The monsoon session of Parliament has come to an end without any business having been conducted throughout its entire session solely because of disruptive initiatives adopted by the Congress, which in turn led to the suspension of 25 Lok Sabha MPs leading further to a boycott of Parliament by the Congress. At the astronomical cost of keeping the Parliament in session (whether it is able to conduct any business or not), one cannot think of a more prodigal or colossal waste of tiol resources. It is shocking that even among parliamentarians, who are our lawmakers, there should be such blatant disregard of a sense of responsibility to the tion. The sad part of the entire situation is that the government is no longer a really in a position to blame the Opposition for disruptive activities. The BJP government is merely getting a taste of its own antics when it was itself in the Opposition. It is just getting paid back in its own coin. But that apart, the government itself must take a share of the blame for the disruption that resulted in a total failure to conduct any business. After all, the involvement of Foreign Minister Sushma Swaraj and Rajasthan Chief Minister Vasundhara Raje in the Lalit Modi scam should have led to some action by the government against the errant ministers. But not to speak of any action being taken by the BJP against them, there was not even a word uttered by Prime Minister rendra Modi in Parliament. All that we had was stony silence during the very few days when the Prime Minister attended Parliament. Instead, we had the rather pathetic drama of Foreign Minister Sushma Swaraj trying to defend herself in l’affaire Lalit Modi but failing to reply to very pertinent and vital questions. She had obviously been prepared for the unpalatable situation of not being able to defend herself for what she had done to help out a crimil like Lalit Modi and the diplomatic improprieties committed in the process. So she did quite a bit of research on similar improprieties committed by the Congress in the past, so as to be able to fling the details of such research on her attackers. In short, it was a typical case of using the equation of “two wrongs make a right” to the hilt. She made the point to underscore the fact that for her, at least, the “two wrongs make a right” principle was not very different from a quid pro quo. This is a part of what she said: “Rahul said I have done a crimil act. No court had declared Modi a fugitive by then. He talked of quid pro quo and said thieves work in secrecy. Sushma does not do anything in stealth. If there was anyone who indulged in stealth it was the Rajiv Gandhi government that helped (Union Carbide chief Warren) Anderson flee from India in the wake of the Bhopal gas disaster. Arjun Singh’s autobiography says he was asked to take Anderson to Delhi discreetly and he flew out, never to return. Then one Adil Shahryar, son of Mohammad Yunus, who was close to the Gandhi family, was sentenced for 35 years in the US... He was granted presidential pardon on India’s request. This is quid pro quo. Rahul, read your family history next time you go on vacation. Then ask Sonia, ‘Mamma, Quattrocchi ke case mein humne kit paisa liya, Daddy ne Shahryar ko kyon chhurwaya tha?’ ” These are barbs that go home once or twice and elicit the claps and bench-thumping from the Treasury benches, but leave quite a few pertinent questions unswered. One from Mallikarjun Kharge of the Congress was: “Why did you not ask Lalit Modi to approach the Indian High Commission in London for emergency travel?” Another from Rahul Gandhi was: “Why did you not discuss with the ED, with the Prime Minister, with your own ministry, with the Indian High Commissioner before acting on your own? Or did the PM know?” Another one from Kharge was: “Why did you reverse the Indian government’s position that any UK diplomatic help to Lalit would affect bilateral ties? If the intent was humanitarian, why did you not make Lalit’s return to India a precondition for any travel documents for him?” There are brownie points to be earned and very little concern for what the real debate is about. And that is precisely how parliamentary exchange and even governce (to a certain extent) are carried on in India. We have always kept ignoring the fact that two wrongs, far from making one right, make an even greater wrong.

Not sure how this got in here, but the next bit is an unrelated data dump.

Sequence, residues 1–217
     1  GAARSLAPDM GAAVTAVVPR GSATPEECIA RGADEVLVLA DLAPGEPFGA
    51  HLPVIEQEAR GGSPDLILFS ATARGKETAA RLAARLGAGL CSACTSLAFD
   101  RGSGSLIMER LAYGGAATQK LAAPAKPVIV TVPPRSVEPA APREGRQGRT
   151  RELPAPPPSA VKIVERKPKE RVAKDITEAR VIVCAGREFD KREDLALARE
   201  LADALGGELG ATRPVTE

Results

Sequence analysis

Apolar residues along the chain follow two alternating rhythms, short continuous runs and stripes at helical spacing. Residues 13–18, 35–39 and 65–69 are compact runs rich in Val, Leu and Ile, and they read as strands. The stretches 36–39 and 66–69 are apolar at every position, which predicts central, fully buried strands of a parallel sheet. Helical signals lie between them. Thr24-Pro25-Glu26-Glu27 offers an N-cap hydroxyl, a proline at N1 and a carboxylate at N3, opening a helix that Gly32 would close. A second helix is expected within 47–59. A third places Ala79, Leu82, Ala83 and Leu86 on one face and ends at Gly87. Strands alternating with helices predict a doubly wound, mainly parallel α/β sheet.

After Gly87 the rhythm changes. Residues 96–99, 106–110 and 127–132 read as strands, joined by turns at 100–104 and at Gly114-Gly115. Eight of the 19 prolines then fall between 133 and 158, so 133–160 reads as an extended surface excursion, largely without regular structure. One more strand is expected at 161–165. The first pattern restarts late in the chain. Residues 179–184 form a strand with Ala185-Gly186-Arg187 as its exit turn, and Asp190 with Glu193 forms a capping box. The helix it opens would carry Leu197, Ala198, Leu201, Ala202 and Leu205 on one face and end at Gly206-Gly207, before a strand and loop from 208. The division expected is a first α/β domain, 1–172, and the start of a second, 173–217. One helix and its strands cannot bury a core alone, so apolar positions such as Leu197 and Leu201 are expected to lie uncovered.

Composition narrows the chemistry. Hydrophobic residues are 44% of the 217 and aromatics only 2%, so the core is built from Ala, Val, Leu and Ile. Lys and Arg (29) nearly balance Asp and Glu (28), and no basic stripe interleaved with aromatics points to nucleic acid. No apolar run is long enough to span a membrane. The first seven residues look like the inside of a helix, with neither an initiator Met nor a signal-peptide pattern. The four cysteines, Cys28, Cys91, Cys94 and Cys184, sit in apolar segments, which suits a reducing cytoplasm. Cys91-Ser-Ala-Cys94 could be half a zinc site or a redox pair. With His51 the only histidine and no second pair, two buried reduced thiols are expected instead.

The Two Wrongs Approach